The proponents for this measure must collect signatures of 433,971 registered voters — the number equal to five percent of the total votes cast for governor in the 2006 gubernatorial election — in order to qualify for the ballot. The proponents have 150 days to circulate petitions for this measure, meaning the signatures must be collected by February 5, 2010.
   The Attorney General’s official title and summary for the measure is written as follows:
   Changes California Law to Legalize, Regulate, and Tax Marijuana. Initiative Statute. Repeals state laws that make it a crime for people 21 years or older to use, possess, sell, cultivate, or transport marijuana or industrial hemp, except laws that make it a crime to drive while impaired or to contribute to the delinquency of a minor. Expunges state convictions based on the repealed marijuana-related laws. Requires state and local governments to regulate and tax commercial production and sale of marijuana. Requires taxes to be spent on education, healthcare, environmental programs, public works and state parks. Summary of fiscal impact: savings in the tens of millions of dollars annually in the incarcerating and supervising of marijuana offenders. Unknown but potentially major new excise, income, and sales tax revenues related to the production and sale of marijuana products.
   Some analysts are predicting that legalization could generate more than a $1 billion annually for the revenue-starved coffers of the state treasury. But if it sounds too good to be true it probably is. In other words, like any controversial initiative, there is bound to be a fight.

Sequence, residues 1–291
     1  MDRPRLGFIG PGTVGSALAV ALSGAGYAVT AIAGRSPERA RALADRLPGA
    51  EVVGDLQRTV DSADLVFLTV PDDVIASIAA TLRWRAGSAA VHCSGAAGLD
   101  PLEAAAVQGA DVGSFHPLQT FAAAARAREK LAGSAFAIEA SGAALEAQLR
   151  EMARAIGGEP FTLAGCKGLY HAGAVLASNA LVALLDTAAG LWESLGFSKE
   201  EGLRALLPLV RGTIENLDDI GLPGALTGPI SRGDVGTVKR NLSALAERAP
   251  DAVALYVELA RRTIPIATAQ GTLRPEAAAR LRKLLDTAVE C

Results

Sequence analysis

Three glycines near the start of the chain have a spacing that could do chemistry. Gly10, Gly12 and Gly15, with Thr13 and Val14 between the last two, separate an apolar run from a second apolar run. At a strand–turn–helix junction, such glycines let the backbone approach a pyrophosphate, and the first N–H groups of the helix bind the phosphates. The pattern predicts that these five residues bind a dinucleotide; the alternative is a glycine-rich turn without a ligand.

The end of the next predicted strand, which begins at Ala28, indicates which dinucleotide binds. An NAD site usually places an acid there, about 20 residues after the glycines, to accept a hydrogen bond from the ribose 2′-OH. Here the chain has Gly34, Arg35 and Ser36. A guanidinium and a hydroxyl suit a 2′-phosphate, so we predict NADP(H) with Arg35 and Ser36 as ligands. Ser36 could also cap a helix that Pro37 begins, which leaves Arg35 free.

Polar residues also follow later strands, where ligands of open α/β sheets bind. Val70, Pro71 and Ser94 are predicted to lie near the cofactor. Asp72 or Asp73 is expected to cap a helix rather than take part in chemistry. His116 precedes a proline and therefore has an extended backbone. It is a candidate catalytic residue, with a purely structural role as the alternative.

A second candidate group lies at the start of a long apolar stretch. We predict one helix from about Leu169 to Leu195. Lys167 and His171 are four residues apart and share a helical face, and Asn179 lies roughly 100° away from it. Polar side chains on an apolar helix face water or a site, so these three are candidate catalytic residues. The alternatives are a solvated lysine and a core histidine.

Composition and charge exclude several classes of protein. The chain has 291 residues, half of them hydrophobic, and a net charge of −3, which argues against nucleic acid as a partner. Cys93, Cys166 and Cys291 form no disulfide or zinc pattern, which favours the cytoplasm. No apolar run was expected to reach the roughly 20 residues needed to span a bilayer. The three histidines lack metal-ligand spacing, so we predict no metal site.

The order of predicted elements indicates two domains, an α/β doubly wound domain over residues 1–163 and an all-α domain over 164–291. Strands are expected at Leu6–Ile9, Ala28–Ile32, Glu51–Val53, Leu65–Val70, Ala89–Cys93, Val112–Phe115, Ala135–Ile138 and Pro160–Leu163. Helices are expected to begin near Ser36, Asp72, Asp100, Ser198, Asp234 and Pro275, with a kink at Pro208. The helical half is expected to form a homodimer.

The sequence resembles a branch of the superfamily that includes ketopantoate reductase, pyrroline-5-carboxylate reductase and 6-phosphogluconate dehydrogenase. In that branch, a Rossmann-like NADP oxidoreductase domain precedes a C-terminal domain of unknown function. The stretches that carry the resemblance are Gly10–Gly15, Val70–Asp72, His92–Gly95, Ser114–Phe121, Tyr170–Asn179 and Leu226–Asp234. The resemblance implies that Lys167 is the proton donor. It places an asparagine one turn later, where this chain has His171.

Proponents say that marijuana’s social use is not unlike alcohol but is safer to use and has proven health and medical uses. Opponents claim it is just another drug and legalization will lead to more drug use by a population that already uses too many drugs.
   In Tulare County, legalization could eventually mean that powerful drug cartels that cultivate marijuana and wantonly desecrate public lands — including Sequoia National Park — might be forced out of the illegal business. This season, at least one major wildland fire near Santa Maria was started by illegal growers on public lands and the cost of fighting that blaze cost taxpayers several million more dollars.
   In the throes of an unprecedented budget crisis, California might not be able to afford to just say no. As California goes, where more than 10 percent of the nation’s population lives and nearly 50 percent of its capital is still being ventured, so goes the rest of the country.
   Not to be overlooked are new enforcement problems if the statute becomes law. Currently, one of the largest groups of users is under the age of 21 and their use would still be against the law.
   A prominent Tulare County marijuana attorney claims to have had all his marijuana cases dismissed where a DUI is involved because law enforcement has no effective method to prove that an impaired driver was stoned on pot.
   Like all initiatives, this one will be subject to court challenges. But who can dispute the intriguing business potential and job creation that one day might be the outcome of such a measure?

DNC honored for environmental standards

   The National Park Service recently presented its 2009 Environmental Achievement Awards to three parks and three concessioners, including Delaware North Companies Parks and Resorts (DNC), that incorporate environmentally friendly practices into their operations. Acting director of the National Park Service Daniel Wenk praised this year’s winners for “setting an example by protecting not only NPS sites but also the land and environment beyond their borders.”